If You Build It, They Will Learn — Civil Engineering at Temple Ambler

More and more, faculty at Temple University are making a discovery of a different sort — the Temple University Ambler campus is an invaluable resource to conduct research and engage in hands-on learning in a broad array of disciplines.

At Temple Ambler, Civil Engineering and Earth and Environmental Science professors are researching seismic waves and earthquakes — an impossibility at Temple’s urban locations — while College of Science and Technology researchers study hydrology, weather and more. Criminal Justice experts are training the next generation of police officers and park rangers on campus while psychology students seek to understand the cognitive development of children in the Temple Infant and Child Lab. Students, faculty and staff also continue to expand a fully accredited aquaponics garden and research lab on campus while Temple Ambler is formally established as a field station.

“There is a great deal more research going on at Temple Ambler than I think most people realize,” said Susan Spinella Sacks, Manager of Research and Grants at Temple Ambler. “At 187-acres of woodlands, meadows, formal gardens, streams and more, one of the greatest resources that Temple Ambler provides to the University is space and a rich tapestry of environments in which to conduct research. Seismology, hydrology, stormwater management, horticulture, planning, landscape architecture, transportation, art, biology — there are so many hands-on learning opportunities to offer on campus.”

Temple Ambler, Sacks said, has resources available that are unique to the University “that allow students to really dig into what they are learning.”

“We have engineering students in their Senior Design capstone course building a green wall that will be implemented on Bright Hall. In this instance, they can’t attach it directly to the wall, so they need to find creative solutions to achieve success,” she said. “They are not just working with models or determining hypotheticals. Our students are engaging in real-world applications for what they are learning.”

With the support of Dr. Robert Ryan, Associate Professor of Instruction in Civil and Environmental Engineering in the College of Engineering, Civil Engineering students have been involved in not one but three hands-on projects throughout the spring semester at Temple Ambler, which resulted in the creation of a concrete canoe, a 23-foot-long steel bridge and ongoing work on the green wall.

“One of the fundamental opportunities at Temple Ambler is the availability of space. Engineering is squeezed to the bone for space. In terms of research and teaching opportunities, we need space to create hands-on experiences for our students to learn their craft,” said Ryan, who himself has been involved in a diverse array of research originating at Temple Ambler with a multidisciplinary team of faculty. “For example, there is a competition that Engineering takes part in to build a concrete canoe — the project was advised by Dr. Bechara Abboud. It’s very difficult to find a location to build a 23-foot-long canoe but Temple Ambler opens up a world of opportunities – you can experiment and get right to work.”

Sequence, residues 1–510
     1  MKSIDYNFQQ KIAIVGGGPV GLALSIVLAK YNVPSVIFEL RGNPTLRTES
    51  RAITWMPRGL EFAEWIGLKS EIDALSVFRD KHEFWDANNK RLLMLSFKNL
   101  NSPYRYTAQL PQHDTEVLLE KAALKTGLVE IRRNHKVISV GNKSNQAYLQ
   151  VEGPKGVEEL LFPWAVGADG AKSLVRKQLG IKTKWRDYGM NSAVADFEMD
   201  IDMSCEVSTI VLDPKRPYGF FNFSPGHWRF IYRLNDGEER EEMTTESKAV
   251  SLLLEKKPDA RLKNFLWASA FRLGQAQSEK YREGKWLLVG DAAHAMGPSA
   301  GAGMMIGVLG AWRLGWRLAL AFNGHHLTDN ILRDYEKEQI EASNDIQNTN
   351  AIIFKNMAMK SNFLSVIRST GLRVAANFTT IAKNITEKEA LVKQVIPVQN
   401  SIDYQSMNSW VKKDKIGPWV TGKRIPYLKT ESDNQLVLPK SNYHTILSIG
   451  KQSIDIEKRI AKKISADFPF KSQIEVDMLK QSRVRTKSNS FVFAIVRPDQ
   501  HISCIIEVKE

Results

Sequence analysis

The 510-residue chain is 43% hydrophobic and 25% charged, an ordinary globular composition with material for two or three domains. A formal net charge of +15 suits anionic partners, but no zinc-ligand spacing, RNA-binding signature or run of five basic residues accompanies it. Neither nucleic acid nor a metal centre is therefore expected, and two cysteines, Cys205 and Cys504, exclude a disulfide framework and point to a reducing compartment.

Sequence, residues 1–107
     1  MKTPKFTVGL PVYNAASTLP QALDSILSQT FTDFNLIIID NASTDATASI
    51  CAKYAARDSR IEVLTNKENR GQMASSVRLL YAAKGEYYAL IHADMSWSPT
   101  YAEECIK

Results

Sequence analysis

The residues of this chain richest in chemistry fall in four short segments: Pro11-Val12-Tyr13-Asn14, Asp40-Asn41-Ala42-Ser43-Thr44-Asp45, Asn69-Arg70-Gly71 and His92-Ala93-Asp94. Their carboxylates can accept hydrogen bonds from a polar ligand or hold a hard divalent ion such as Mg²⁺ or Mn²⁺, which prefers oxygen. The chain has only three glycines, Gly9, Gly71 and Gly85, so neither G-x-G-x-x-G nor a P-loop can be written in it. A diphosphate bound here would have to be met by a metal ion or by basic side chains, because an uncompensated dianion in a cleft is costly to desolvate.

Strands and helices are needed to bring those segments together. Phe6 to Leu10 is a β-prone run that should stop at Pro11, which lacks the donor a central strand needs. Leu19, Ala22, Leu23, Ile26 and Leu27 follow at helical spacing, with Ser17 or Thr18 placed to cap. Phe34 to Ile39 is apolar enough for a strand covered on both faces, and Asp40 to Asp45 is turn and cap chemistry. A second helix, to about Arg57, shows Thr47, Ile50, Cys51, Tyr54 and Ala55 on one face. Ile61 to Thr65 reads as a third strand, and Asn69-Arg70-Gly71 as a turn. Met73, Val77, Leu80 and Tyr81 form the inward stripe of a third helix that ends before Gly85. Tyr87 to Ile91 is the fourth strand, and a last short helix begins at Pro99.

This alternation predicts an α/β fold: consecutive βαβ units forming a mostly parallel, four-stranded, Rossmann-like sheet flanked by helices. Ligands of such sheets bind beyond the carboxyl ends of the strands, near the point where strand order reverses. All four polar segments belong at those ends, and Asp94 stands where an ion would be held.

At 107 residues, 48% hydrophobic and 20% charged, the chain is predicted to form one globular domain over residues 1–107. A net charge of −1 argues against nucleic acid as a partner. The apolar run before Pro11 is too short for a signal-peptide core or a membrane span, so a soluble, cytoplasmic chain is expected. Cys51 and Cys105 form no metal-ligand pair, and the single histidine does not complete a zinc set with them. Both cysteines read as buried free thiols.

Being able to work at the Ambler Campus, Ryan said, “has provided our students an opportunity to work on projects that might not have been available to them and to look at these projects from different angles as they confer and work closely with students and faculty from other disciplines.”

For much of the spring semester, the Campus Lounge in Bright Hall at Temple Ambler was often transformed into a base of operations for a team of Civil Engineering students that have spent three semesters “experiencing the civil design process from start to finish,” said Civil Engineering senior Kenneth Kiocho. The project was overseen by Dr. Sanghun Kim

“The task of our 16-member team was to design and build a 23-foot-long bridge for the American Institute of Steel Construction's Steel Bridge Competition,” he said. “Our team has been using the lounge in Temple Ambler's Bright Hall to practice building the bridge — we only have 45 minutes during competition — which must be able to hold 2,500 pounds.” 

While time was not their friend at the Mid-Atlantic Regional competition held at the University of Pittsburgh at Johnstown, “the entire project has given us tremendous insight into the whole design process,” said Kiocho.

“It makes you realize what you’ll be facing with full size engineering projects and how essential teamwork will be in that process,” he said. “Temple Ambler has been a huge help in providing us the space in which to work and store our materials. We never had to worry about having somewhere to work and plan out the project.”

From an educational and research perspective, “Temple Ambler is a very collegial place,” said Ryan. 

“It’s very open. The people I’m working with want to know what I’m thinking and I want to know what they are thinking. It’s a place where you want to share your work, a place where people help each other,” he said. “That collaborative environment helps generate ideas, which sparks innovation. It frees your mind, which I think is one of the best things about Temple Ambler.”